The celebrated American painter's birthday is being marked in his hometown of Sacramento with a delightful retrospective.
Sarah Cascone, November 13, 2020
On November 15, Wayne Thiebaud, the cherished American painter of cakes and sweets, hits an impressive milestone: his 100th birthday.
Born November 1920 in Mesa, Arizona, and raised in California, Thiebaud remains busy and productive even on the eve of his centenary.
“I spend a lot of time in the studio,” he told Artnet News. “I work almost every day. I have a wonderful family who indulges me in this amazing search for how difficult it is to make a good painting.”
Thiebaud’s birthday is being celebrated in a big way in Sacramento, the city he’s called home for 70 years, with a retrospective, “Wayne Thiebaud 100: Paintings, Prints, and Drawings,” that opened last month at the Crocker Art Museum.
“It’s wonderful to do things in your own hometown,” the artist said.
Unfortunately, the museum was forced once again to close on November 13, but after the exhibition reopens, it will travel to Ohio’s Toledo Museum of Art; the Dixon Gallery and Gardens in Memphis; the McNay Art Museum in San Antonio; and the Brandywine Museum of Art in Chadds Ford, Pennsylvania. (On November 15 at 4 p.m. PST, chief curator Scott A. Shields will give a virtual tour of the show for Crocker members.)
Thiebaud also has a smaller retrospective currently on view at Berggruen Gallery in San Francisco. Another is slated to open at the new Palm Beach outpost of the artists’s New York gallery, Acquavella, on December 20, and run through February 20, 2021.
We spoke with Thiebaud earlier this month about what it’s like to have a retrospective at age 100, the truth behind his apparent obsession with cake, and the secret to his longevity.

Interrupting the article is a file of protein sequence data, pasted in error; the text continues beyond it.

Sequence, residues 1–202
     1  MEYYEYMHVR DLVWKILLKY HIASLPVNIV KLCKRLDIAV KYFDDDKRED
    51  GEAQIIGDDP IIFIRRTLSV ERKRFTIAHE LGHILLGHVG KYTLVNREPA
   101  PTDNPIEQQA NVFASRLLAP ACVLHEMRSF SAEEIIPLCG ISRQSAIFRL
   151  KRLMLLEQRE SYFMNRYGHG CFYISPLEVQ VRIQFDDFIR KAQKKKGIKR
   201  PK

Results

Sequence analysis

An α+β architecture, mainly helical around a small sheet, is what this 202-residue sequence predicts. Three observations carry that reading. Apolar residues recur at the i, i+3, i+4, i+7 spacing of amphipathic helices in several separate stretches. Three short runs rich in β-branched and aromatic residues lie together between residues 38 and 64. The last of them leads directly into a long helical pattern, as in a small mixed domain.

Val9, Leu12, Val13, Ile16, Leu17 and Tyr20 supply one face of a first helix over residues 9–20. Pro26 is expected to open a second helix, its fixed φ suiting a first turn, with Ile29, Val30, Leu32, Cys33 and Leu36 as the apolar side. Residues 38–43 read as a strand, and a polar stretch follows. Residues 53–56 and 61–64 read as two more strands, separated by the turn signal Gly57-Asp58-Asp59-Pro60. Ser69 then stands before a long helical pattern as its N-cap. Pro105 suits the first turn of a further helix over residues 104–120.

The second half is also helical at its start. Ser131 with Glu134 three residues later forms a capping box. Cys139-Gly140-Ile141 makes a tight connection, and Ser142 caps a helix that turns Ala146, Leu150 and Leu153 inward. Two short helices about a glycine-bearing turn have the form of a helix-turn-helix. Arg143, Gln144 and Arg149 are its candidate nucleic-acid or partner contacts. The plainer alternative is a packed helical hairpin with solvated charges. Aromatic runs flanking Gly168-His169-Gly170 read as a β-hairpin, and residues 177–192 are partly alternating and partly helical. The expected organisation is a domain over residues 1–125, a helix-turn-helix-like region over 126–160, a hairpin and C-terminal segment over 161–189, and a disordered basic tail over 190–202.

Your 100th birthday is coming at the end of what’s been a very challenging year. Do you remember another time when so much seemed to be going wrong in the world?
I experienced the Depression, of course. Even as a young person, I could see how difficult it was for people trying to survive. But it was somewhat different. People were not divided. They seemed to be willing to help each other. Because we were all in the same situation, we worked back and forth and had wonderful interchanges. It wasn’t so anxious and so strident, as it seemingly is today.
For those people struggling to cope with current events, what kind of cake is best?
I think I’d rather tell them, be careful about eating too many sweets and watch your vegetables. Sugar is kind of an enemy of good health. Be careful, be judicious, and enjoy it when you have it, but don’t have it too much!
What can people look forward to in your retrospective at the Crocker?
We have given many gifts that are in the exhibition to the Crocker over the years and then we added some that hadn’t been seen by very many people. The best thing about it is that it’s in my own hometown.
Speaking of Sacramento, how has it changed over the decades, particularly with the rise of Silicon Valley and the increased stratification of wealth across the nearby Bay Area?
There are very big changes in Sacramento. The city has kind of grown up. We have lot more restaurants—some very good ones. We have two majors universities that developed the culture. It’s changed dramatically over the years, all to the better, and all to the more interesting.
What was it like working for Walt Disney, and what do you think about the evolution of animation over the last century?